Page 83: "Jews never ceased to threaten them with death, even when the Prophet (Mohammed) appeared". (This refers to a particular tribe in the early days of Islam). "The students asks: Why did the Jews not believe in the High Prophet...?"

Lurratuna Aljamila (Grade 6)
Our Beautiful Language – Part 1

Page 120: A picture is shown of the city of Jaffa. "Jaffa is a port in Palestine, situated on the Mediterranean Sea. In 1948, it had 71,000 inhabitants. It was conquered first by the Maccabeans (Jews) and then by Slonikians. In 68 C.E., it was sacked by the Roman army. The Crusaders reconquered the port in the 12th Century, but the Arabs later restored it to its former self.

There is no mention of the Jewish biblical and historical connection to Jaffa. When Jews are referred to, it is in a negative context only.

Page 121: The page is entitled "Palestine - Our Country". This is followed by a discussion of mosques in Acre. Again, the Jewish history of the town is ignored, as well as the Napoleonic military struggles.

Jurrafiyat Falastin (Grade 7)
The Geography of Palestine

Page 2: A map of the area of Israel and the Palestinian territories is called "Palestine". No mention of Israel is permitted.

Page 4: A map of Palestine covers the whole of present day Israel, stretching from the Mediterranean Sea to the Dead Sea. The borders of Palestine with Lebanon and Syria are clearly examined.

Page 7: The map on this page shows that Palestine includes the Galilean Hills, Haifa, Jerusalem, Beersheba and Ashkelon, as well as well known Arab towns. Tel Aviv is omitted totally.

Pages 8-75: As the book progresses and develops its explanations, none of the towns are associated with Jews, whose constant historical presence is ignored completely. This applies to the discussion on page 62 of the rise of industry in the region. Even the international airport at Lod is denied a mention, despite being part of one of the major flight paths in the Middle East.

Altarbiya Alwataniya (Grade 7)
National Education

Page 20: The page describes how Jews arrived in the region from Eastern Europe from 1882 to 1948. "…Their aim was to conquer Palestinian land and to replace the indigenous population either by expelling or destroying them." Note only in this factually incorrect, no mention is made of: "The mass population movements of Arab tribes from areas known today as southern Syria and Jordan." The pogroms and persecution encountered by the Jews in Europe " The legal purchase of land by Jews such as the Rothschild family. "Zionism and the return home to the biblical homeland of the Jews.

Page 21: The Palestinian revolts of 1921, 1929 and 1936 are described. No room is devoted to the slaughter of the Jewish community in Hebron nor to the attempts to prohibit Jews from praying at the Western Wall in Jerusalem.

Page 22: The picture of violent resistance by the Palestinians as outlined on previous pages was interspersed by references to shahids, who fell in battle against the Jews. A notable example was Al-Khader Al-Husseini, who died in the battle of Kastel outside Jerusalem in 1948. On this page, the student is requested to write about his feelings towards shahids. The page also uses explanations from the British historian Arnold Toynbe, a person recognised for his dislike of Jews.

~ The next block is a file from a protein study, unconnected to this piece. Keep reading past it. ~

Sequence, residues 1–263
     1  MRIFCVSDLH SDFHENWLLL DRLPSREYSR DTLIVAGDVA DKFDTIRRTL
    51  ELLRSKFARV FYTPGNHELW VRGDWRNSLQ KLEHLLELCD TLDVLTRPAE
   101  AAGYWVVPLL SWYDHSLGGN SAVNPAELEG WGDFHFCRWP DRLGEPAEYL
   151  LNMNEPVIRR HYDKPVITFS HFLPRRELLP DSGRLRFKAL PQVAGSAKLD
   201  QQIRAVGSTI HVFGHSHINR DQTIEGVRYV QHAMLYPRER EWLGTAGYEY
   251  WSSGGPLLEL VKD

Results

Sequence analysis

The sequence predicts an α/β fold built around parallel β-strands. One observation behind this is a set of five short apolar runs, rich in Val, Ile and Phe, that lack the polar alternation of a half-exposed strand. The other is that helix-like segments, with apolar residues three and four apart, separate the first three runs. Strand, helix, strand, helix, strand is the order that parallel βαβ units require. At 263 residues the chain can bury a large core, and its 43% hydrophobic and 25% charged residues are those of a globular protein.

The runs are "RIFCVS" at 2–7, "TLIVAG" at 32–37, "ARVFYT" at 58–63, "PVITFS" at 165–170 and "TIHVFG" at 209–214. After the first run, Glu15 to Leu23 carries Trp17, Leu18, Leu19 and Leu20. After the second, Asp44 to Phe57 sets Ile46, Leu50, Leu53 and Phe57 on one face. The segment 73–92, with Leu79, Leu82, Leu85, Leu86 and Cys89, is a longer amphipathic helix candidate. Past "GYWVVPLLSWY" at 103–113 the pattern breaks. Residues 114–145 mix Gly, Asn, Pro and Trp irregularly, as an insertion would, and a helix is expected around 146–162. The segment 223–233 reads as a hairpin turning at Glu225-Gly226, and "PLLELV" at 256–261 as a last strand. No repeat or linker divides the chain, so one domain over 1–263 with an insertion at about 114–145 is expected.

Pages 23ff: They describe the period between 1948 and 1967. The West Bank and the Gaza Strip were under the respective rule of Jordan and Egypt. The text continue to refer to other areas, like Acre, Haifa and the Galilee. Almost without fail, Israel is painted as a destroying villages and trying to wipe out a culture. These arguments are substantially false. Moreover, at no time is criticism leveled at Egypt and Jordan for not establishing a Palestinian State in the West Bank or Gaza, when they had the opportunity. Further, the students are not asked to question why a state was not created.

Page 81: The text charges that as a result of the success of Israel in the Six Day War in 1967, economic and tourist activity in the West Bank collapsed.

The text ignores statistics from the World Bank and other international agencies, which show that for at least 2 decades, as Israel began to govern the West Bank and the Gaza Strip, economic performance improved tremendously. Further, health and social indicators also began to rise above levels found in many Arab states.

Almutala'a Walnusus (Grade 8)
Text Reading Part 1

Page 49: The City of Gaza is described as located….140 kilometers south-west of Jerusalem, the capital of Palestine."

Page 77: The text refers to a song called "Palestine". The student is asked: "The author describes Jerusalem as the sister of Arabs and Muslims, but her enemies are sharpening their knives to kill her. What does the author expect from his readers in order for them to defend Jerusalem."?

Page 79: On this page, as on many others (page 45, for instance), has repeated references to shahids or fedayeen: people who die for their country in a holy cause, usually in order for others to follow their example. Heavy use is made of the theme of endangering one's life for the cause of Islam. It must be stressed that while some people feel that the slightly increased use of the term fedayeen shows greater moderation than in the older Jordanian schoolbooks, both phrases have similar connotations. Both are related to violent acts in the name of Islam.

Pages 35 / 77 / 79: Whether discussing the conquests of Salah A-adin during the Crusades or more modern history, the student is taught that these are acts of Jihad: noble and religious causes for which it is considered worthy to die.

Al'ulum Allarawiya (Grade 8)
Linguistic Science Part 1

Many of the sections chosen for study in this book have a militaristic and patriotic flavour.

While this may not be problematic in itself, what is disturbing is that the texts for discussion ignore the roles of other peoples and of other religions in the area. This is most noticeable on pages 5, 33, 35 and 60. There is no attempt to facilitate a pluralistic approach to learning.